further regarding his paranoia. He also presented as alert,
anxious, and hypervigilant on interview, frequently looking
around at other individuals on the unit and tangentially
remarking he believed staff and other inmates were out to get
him. With these factors considered, Mr. Powell appears to
evidence paranoid, persecutory, and grandiose delusions with
ideas of reference (i.e., interpreting benign events/behavior
as pertaining directly to him).
Additionally, Mr. Powell has a reported history of auditory
hallucinations (i.e., whispers) for several years, although
he denied command auditory hallucinations on clinical
interviews. No. evidence of catatonic behavior or negative
symptoms was noted. He also has a history of numerous
hospitalizations, which have reportedly been prompted by
disorganized, delusional, and paranoid behavior. Mr. Powell
has a history of psychotic disorder diagnoses and
prescriptions of various antipsychotic medications. With
these factors considered, Mr. Powell currently meets the
diagnostic criteria for schizophrenia.
Id. at 13-14. Ultimately, Dr. Schlessinger concluded
that, as a result of Defendant's mental illness,
“Mr. Powell does not currently have a rational
understanding for the proceedings against him, nor is he
capable of assisting counsel with his defense.”
Id. at 17-18.
contrary medical opinion evidence was offered at the hearing.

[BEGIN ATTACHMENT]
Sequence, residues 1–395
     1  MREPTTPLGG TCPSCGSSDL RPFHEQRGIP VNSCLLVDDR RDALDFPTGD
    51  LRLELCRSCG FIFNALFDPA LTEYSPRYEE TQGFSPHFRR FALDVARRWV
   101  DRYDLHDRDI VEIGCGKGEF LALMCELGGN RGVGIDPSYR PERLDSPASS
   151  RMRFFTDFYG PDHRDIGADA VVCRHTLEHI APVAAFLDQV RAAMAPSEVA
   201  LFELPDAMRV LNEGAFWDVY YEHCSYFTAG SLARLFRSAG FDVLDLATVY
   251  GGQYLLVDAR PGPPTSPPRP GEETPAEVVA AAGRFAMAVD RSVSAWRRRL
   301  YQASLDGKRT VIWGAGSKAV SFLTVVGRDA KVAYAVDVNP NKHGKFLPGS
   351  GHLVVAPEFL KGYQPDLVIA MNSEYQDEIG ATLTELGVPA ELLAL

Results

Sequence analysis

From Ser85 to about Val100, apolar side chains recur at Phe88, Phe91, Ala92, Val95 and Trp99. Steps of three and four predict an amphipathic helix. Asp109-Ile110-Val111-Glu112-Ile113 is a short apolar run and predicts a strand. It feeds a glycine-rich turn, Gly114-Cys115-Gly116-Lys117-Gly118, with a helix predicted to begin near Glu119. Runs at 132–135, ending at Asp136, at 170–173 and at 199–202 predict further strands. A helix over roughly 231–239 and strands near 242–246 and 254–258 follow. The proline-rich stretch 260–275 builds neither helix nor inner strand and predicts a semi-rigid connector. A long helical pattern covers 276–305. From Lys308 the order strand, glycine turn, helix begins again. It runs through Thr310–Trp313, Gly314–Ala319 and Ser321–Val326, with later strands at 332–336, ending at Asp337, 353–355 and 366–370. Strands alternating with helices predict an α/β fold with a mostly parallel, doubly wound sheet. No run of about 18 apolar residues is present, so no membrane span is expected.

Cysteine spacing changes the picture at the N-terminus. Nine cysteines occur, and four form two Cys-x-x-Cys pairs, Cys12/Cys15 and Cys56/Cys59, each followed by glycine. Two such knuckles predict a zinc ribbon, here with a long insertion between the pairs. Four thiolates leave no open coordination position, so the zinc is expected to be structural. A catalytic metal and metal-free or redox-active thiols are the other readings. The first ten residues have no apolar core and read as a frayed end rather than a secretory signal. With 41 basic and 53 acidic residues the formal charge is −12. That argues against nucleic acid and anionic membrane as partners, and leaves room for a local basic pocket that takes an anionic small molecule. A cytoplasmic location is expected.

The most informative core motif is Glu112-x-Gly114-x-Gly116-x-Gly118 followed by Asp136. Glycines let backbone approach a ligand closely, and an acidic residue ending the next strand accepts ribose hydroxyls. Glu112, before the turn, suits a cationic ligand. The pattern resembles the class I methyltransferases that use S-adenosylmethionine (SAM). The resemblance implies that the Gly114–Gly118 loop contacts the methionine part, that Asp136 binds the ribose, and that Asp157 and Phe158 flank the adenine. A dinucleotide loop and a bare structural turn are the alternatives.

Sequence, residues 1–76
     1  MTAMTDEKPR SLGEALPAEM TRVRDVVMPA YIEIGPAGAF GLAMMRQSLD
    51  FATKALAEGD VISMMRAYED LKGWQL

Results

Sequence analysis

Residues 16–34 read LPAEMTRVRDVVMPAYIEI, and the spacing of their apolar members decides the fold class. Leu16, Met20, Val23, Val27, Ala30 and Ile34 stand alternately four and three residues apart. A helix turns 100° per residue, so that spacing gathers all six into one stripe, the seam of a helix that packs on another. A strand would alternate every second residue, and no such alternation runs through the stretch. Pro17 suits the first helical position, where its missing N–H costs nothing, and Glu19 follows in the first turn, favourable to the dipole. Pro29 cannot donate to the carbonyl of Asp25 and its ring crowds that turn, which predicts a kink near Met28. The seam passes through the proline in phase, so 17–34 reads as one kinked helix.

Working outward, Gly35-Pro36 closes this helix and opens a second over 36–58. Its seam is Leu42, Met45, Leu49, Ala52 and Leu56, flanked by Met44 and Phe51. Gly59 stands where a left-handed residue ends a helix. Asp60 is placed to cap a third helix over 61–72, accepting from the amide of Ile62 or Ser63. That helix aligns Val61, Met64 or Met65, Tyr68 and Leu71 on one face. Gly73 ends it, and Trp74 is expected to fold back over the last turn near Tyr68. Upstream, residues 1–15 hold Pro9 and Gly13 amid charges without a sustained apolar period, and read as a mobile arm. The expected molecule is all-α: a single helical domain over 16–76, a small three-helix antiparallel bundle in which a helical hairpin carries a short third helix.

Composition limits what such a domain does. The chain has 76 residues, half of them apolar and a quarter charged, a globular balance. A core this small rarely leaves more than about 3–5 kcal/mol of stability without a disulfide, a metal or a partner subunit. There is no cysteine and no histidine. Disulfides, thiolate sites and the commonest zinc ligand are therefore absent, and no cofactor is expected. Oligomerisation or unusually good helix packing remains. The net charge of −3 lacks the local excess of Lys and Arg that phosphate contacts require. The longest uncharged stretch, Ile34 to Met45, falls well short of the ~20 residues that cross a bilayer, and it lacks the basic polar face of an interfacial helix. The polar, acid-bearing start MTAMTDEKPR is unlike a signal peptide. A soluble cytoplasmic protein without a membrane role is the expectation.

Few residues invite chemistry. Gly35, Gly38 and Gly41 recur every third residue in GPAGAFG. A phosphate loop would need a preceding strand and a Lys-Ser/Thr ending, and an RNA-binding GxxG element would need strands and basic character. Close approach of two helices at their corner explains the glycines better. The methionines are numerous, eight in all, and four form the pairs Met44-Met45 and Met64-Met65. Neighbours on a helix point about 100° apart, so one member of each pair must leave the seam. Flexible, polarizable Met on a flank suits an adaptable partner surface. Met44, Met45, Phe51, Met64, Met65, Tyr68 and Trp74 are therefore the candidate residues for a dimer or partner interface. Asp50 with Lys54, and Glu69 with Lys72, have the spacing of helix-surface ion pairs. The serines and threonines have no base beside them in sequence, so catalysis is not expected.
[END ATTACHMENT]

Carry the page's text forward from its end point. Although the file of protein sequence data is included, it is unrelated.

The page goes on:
The Defendant testified. In a lengthy, rambling statement
that appeared consistent with the statements described by Dr.
Schlessinger, the Defendant continued to insist that he
really was being followed and hunted by Mexican gang members
and made his threat to the Vice President for the sole
purpose of getting into “protective” custody. He
denied that he was delusional about such threats.
the competency hearing the parties agreed to submit the
matter to the Court's determination upon preparation of
the transcript, with no requests for briefing.
18, U.S.C. § 4241, et seq., guides the
assessment of a defendant's competency in federal
criminal proceedings. Section 4241(d) provides that the Court
shall find the Defendant to be incompetent “[i]f, after
the [competency] hearing, the court finds by a preponderance
of the evidence that the defendant is presently suffering
from a mental disease or defect rendering him mentally
incompetent to the extent that he is unable to understand the
nature and consequences of the proceedings against him or to
assist properly in his defense. . . .” 18 U.S.C. §
4241(d). The test is “whether [the defendant] has
sufficient present ability to consult with this lawyer with a
reasonable degree of rational understanding - and whether he
has a rational as well as factual understanding of the
proceedings against him.” Dusky v. United
States, 362 U.S. 402 (1960) (per curiam) (construing
§ 4241's predecessor, 18 U.S.C. § 4244 (1958)).
relevant competency statute arguably contemplates that the
burden will lie with the party making a motion to determine
competency, ” which, here, is the Defendant. United
States v. Izquierdo, 448 F.3d 1269, 1276 (11th Cir.
2006). See also United States v. Johns, 390
Fed.Appx. 963, 970 (11th Cir. 2010) (unpublished)
(“Where the defendant files a motion to ...